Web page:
This seems like a good time to mention that, when a friend says that they’ve made progress on a mental health issue, it is generally inappropriate to criticize their progress as Insufficiently Rational/Skeptical.
Yes, there are caveats. Yes, sometimes people do dangerous things trying to get better. Yes, sometimes people do quack treatments that don’t work. Yes, yes, yes.
But if someone says, “Hey guys, I’m feeling better!” and whatever you say is less along the lines of “That’s awesome, good for you!” and more along the lines of “UR DOIN IT RONG,” then you’re doing more harm than good.
And from one skeptic/atheist to another, at that point, you can shove your skepticism/atheism you-know-where.
I don’t understand what you are saying here exactly, how could a response to mental illness be insufficiently skeptical? Are you trying to refer to homeopathic “drugs”?
I agree with you, people should be happy when others make progress in that sphere, but how can a treatment be irrational?
I, as a skeptic, am just wondering because it doesn’t sound like a fair use of those two words.
For instance, if someone finds religious observance helpful, or if pseudo-spiritual concepts like having a soul or having a deeper purpose in life have been helpful to them.
Do people really have souls? Is there really a god? Does life really have any intrinsic purpose? I don’t believe so, no. But if believing so helps someone else, I’d rather see them mentally healthy than mentally ill.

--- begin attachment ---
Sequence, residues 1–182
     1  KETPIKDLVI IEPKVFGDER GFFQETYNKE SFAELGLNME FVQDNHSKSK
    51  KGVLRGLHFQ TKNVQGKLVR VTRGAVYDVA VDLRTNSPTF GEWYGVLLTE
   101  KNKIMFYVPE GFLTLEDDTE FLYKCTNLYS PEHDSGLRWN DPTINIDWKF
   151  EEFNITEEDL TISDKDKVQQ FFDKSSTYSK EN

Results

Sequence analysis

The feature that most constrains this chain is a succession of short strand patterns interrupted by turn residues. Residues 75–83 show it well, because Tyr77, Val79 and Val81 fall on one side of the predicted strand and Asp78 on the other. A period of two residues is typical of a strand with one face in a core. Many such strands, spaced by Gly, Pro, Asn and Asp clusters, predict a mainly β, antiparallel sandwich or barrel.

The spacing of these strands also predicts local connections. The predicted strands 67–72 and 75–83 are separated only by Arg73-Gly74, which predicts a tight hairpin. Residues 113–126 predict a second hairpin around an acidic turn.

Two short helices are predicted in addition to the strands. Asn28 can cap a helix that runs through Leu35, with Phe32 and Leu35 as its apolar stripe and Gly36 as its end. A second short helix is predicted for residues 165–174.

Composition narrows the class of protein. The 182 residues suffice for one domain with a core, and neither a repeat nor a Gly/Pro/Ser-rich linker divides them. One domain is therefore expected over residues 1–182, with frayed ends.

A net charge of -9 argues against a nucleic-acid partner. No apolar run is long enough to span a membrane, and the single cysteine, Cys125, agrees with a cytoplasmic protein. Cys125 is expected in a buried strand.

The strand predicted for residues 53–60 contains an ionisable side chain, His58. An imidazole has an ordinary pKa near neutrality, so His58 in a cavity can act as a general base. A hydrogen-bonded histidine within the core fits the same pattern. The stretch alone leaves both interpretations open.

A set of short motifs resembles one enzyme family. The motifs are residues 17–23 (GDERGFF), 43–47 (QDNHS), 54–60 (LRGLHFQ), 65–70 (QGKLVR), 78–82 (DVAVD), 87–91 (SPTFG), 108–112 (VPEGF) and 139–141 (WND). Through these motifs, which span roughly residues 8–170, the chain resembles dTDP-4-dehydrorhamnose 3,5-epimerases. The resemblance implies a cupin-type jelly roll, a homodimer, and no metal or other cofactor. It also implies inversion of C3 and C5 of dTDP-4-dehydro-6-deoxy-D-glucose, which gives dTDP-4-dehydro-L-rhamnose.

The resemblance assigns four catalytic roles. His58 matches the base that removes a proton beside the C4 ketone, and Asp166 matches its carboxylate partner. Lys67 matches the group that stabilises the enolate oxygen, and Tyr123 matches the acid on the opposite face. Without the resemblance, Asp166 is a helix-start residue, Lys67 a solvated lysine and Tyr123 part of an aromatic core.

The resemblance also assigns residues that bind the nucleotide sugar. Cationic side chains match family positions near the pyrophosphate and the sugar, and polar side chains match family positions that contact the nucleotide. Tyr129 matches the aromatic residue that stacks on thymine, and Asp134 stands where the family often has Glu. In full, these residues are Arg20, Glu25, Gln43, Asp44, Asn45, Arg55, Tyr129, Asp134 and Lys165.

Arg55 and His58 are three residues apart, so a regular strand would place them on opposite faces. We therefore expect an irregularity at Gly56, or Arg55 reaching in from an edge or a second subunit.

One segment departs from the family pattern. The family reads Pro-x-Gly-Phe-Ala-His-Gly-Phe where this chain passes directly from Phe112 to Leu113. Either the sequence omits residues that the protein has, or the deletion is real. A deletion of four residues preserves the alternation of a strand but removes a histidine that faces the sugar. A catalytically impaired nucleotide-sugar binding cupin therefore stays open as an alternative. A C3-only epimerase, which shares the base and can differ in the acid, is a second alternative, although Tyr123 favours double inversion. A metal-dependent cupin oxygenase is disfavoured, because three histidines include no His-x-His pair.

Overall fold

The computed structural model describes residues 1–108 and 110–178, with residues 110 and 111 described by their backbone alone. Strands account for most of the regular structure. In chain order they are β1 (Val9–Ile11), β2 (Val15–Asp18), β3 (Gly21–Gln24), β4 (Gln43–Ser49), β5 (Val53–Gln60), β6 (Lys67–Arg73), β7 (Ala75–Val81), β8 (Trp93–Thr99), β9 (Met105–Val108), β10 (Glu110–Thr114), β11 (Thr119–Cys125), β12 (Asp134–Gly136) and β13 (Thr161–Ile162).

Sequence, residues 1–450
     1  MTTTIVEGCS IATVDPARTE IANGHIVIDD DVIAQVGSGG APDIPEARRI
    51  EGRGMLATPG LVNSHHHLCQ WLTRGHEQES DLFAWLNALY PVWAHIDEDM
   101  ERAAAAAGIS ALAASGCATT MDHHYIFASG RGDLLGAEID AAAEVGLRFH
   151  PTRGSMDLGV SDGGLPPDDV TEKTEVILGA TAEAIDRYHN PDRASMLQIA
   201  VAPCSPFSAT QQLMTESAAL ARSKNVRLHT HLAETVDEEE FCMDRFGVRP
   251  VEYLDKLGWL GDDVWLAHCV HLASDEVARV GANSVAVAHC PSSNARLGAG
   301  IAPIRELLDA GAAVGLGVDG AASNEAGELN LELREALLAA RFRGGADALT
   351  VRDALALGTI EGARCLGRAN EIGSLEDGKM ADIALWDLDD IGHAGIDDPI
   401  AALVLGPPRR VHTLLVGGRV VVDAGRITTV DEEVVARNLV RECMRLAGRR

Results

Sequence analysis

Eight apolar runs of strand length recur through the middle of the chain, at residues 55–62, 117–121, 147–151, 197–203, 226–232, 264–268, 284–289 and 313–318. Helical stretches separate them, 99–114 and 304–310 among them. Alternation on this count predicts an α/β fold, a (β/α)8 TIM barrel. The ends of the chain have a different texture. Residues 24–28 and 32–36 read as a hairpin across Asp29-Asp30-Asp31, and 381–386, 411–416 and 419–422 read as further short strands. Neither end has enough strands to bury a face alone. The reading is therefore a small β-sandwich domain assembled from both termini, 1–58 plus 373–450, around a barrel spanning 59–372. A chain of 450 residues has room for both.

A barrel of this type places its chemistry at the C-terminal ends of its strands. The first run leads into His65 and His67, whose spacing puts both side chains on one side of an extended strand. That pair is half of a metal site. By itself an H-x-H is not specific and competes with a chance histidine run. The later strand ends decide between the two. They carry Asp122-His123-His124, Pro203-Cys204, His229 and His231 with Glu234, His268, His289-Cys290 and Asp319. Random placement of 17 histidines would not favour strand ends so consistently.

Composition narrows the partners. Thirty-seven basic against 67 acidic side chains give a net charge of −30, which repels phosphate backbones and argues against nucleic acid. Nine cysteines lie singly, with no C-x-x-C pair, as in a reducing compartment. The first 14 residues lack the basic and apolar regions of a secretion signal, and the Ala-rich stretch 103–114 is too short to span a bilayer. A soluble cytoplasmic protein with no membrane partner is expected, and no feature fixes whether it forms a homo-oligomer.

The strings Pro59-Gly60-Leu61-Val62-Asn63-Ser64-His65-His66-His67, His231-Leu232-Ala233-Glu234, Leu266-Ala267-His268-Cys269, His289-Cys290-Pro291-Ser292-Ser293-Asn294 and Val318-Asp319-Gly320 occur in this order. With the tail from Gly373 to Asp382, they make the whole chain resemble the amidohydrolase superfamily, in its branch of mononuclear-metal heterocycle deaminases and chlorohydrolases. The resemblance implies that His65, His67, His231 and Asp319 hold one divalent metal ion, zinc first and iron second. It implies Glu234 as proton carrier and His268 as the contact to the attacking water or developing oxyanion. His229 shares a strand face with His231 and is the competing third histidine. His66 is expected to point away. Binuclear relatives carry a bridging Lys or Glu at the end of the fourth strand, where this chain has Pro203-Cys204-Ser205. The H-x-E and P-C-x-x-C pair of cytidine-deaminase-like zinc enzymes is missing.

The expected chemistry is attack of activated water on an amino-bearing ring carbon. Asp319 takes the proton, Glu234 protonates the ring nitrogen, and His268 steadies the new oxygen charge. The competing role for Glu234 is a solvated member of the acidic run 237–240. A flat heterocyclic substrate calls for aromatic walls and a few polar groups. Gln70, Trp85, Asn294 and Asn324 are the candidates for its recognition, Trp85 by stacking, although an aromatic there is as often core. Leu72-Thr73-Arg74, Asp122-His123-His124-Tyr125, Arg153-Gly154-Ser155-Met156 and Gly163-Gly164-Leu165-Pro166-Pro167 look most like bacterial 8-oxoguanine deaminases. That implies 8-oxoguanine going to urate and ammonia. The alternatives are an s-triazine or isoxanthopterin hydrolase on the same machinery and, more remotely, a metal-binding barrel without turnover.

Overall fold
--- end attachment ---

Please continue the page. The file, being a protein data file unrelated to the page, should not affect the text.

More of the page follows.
Ok, but if that person wishes to say that this idea is true, then I feel I have a obligation to debate them on it. If they keep it to themselves then I don’t care, but otherwise you have to treat them as a thinking person.
I have heard an example from Dawkins, of a nonbeliever still praying because it helps him think. I have take no issue with that, but if they take the religious route and say they are actually talking to a supernatural being, then I feel you have to argue.
No, you do not have an “obligation to debate” anyone. Especially not when they’re posting publicly about something personal and painful like mental illness (and recovery thereof).
If someone posts a status that just says, “I believe we have souls,” then the protocols are quite different and respectful debate is appropriate. But I’m not talking about those situations. I’m talking about when someone has taken the immensely brave step of openly discussing their mental health problems, and when they’re accomplished the extremely difficult step of progressing towards recovery. That is not an appropriate time to debate.
Yes, treating people as thinking people is important. It’s equally if not more important to treat them as feeling people. Do not undermine someone’s recovery from mental illness by questioning it, insulting it, and/or treating it as illegitimate or as a subject for debate. I can’t say this strongly enough.